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Federal Judge Blocks Ohio's 'Heartbeat' Abortion Ban

Jim Salter
Associated Press

A federal judge has temporarily blocked Ohio's "heartbeat" abortion ban, following a lawsuit from the ACLU of Ohio. The bill was set to take effect July 10.

The law, known formally as the "Human Rights Protection Act," would ban abortions after a fetal heartbeat can be detected—often as early as five or six weeks, before many women know they're pregnant. The law also adds criminal penalties for doctors who perform abortions after that point. It has no exceptions for cases of rape or incest.

U.S. District Judge Michael Barrett, a Republican appointee, issued a preliminary rulingthat allows clinics to continue providing abortions while the legal process unfolds. His order stated that abortion rights groups "are certain to succeed on the merits of their claim that (the bill) is unconstitutional on its face."

"The law is well-settled that women possess a fundamental constitutional right of access to abortions," Barrett wrote.

Ohio Attorney General Dave Yost says he will appeal.

The suit was brought by Preterm-Cleveland, Planned Parenthood of Greater Ohio and Planned Parenthood Southwest Ohio, Women's Med Corp, and Capital Care Network of Toledo. The groups celebrated their win Wednesday.

“Today the Court has upheld the clear law: women in Ohio (and across the nation) have the constitutional right to make this deeply personal decision about their own bodies without interference from the State,” said ACLU legal director Freda Levenson in a statement.

In their lawsuit, the groups claim the the "Heartbeat Bill" would ban nearly all abortions in Ohio.

"If a woman is forced to continue a pregnancy against her will, it can pose a risk to her physical, mental, and emotional health, as well as to the stability and well-being of her family, including existing children," their lawsuit reads.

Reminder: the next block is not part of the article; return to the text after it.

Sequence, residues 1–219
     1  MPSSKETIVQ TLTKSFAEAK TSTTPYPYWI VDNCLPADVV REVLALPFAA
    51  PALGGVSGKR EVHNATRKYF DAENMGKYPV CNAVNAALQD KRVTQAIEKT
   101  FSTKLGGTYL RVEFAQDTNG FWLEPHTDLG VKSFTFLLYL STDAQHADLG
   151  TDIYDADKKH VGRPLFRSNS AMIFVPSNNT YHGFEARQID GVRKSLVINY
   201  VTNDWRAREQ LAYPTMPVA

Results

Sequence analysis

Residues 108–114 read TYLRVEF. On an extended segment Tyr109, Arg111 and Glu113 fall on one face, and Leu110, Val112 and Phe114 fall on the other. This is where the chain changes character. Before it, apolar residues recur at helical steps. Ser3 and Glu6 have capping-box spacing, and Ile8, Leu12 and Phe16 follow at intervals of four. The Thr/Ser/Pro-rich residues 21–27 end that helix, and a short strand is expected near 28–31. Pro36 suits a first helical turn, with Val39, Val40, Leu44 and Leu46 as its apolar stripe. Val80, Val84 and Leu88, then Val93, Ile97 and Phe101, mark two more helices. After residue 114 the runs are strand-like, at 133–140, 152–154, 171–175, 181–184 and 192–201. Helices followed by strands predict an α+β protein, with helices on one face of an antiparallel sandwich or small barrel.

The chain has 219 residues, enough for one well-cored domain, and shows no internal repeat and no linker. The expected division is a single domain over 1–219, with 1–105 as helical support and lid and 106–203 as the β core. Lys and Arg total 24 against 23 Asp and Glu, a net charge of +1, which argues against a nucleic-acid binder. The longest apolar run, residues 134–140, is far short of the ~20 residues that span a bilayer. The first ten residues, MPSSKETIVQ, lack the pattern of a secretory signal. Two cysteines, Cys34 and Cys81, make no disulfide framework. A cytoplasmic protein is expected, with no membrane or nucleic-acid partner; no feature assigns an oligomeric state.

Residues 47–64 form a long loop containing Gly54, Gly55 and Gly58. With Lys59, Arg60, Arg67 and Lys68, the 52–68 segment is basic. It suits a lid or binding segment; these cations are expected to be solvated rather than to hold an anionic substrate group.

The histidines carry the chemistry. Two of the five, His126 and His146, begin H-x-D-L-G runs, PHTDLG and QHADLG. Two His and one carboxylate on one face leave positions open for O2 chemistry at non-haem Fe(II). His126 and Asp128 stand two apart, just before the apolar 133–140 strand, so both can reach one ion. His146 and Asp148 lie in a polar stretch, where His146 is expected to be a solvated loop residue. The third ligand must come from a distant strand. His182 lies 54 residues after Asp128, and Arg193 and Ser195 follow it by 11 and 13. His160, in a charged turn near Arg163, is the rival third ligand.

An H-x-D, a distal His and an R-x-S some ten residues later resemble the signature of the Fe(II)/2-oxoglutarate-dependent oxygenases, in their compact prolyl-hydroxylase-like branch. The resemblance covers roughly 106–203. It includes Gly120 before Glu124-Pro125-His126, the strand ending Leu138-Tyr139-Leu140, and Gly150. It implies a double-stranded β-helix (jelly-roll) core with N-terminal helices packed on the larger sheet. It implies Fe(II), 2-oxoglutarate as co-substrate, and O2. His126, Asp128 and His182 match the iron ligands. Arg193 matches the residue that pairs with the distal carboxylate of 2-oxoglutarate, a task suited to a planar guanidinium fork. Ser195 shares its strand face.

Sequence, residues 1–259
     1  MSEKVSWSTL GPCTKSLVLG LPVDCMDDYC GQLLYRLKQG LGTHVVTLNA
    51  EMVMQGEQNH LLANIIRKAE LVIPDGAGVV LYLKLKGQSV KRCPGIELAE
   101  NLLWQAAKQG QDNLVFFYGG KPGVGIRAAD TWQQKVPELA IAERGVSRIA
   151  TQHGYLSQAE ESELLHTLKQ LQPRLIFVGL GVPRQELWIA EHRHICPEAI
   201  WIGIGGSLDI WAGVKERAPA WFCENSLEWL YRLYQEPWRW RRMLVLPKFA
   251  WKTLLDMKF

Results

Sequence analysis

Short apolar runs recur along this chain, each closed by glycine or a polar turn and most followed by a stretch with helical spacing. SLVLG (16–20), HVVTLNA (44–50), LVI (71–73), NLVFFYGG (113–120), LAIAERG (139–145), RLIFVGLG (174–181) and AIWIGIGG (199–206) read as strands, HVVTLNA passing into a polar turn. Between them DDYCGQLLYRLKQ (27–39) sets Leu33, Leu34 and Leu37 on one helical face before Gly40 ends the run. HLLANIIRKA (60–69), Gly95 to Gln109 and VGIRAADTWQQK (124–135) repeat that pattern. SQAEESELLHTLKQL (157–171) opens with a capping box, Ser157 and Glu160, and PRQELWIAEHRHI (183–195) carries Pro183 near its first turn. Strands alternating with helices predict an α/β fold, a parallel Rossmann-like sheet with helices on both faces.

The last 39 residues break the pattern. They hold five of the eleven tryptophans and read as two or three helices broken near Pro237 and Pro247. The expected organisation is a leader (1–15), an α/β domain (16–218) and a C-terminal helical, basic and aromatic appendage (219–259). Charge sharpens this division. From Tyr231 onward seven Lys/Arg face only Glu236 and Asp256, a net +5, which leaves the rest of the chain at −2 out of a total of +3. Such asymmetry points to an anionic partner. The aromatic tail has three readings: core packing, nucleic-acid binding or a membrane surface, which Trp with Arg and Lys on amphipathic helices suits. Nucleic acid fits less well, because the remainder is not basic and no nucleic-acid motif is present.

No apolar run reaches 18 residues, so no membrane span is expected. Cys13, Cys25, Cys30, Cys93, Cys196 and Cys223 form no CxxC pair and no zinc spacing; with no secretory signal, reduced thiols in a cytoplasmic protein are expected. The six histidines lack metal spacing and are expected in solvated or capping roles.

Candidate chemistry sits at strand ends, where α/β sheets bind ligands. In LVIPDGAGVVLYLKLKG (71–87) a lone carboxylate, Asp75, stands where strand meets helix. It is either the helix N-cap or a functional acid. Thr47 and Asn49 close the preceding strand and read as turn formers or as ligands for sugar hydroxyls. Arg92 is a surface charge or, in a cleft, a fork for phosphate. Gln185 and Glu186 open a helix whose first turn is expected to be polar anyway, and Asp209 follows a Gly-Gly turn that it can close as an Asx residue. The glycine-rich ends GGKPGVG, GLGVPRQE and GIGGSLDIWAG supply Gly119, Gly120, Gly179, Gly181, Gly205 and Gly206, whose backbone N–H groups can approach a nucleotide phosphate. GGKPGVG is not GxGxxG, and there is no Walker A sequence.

Former Gov. John Kasich twice vetoed versions of the "Heartbeat Bill," which the Ohio legislature failed to override. But as promised in his campaign, Gov. Mike DeWine signed the bill into law in April, making Ohio the fifth state to pass such a law.

Similar restrictions have been blocked in Kentucky and Mississippi, while abortion rights groups have filed lawsuits over abortion bans in Alabama and Georgia.

Abortion opponents and Republican lawmakers said they expected a legal fight. Supporters say Ohio's law was written to provoke a U.S. Supreme Court case that ultimately could overturn “Roe v. Wade," the landmark ruling that legalized abortions up until viability.

"The heartbeat bill has the potential to be the vehicle that overturns Roe v. Wade," Ohio Right To Life president Mike Gonidakis said in a statement. "We know that this temporary restraining order is just a step in the process to finally seeing Roe reconsidered."

Under the law, doctors who perform abortions after detecting a heartbeat would face a fifth-degree felony and up to a year in prison. The law also allows disciplinary action by the State Medical Board.

“Year after year Ohio Republicans have continued to push plainly unconstitutional legislation, and now a federal judge — a Republican appointee — has blocked their latest attempt to ban abortion and punish doctors in the state,” writes Ohio Democratic Party chair David Pepper in a statement. “The Ohio GOP is wasting taxpayer resources, and they are putting Ohioans’ lives in danger with their attacks on reproductive health care.”

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Gabe Rosenberg
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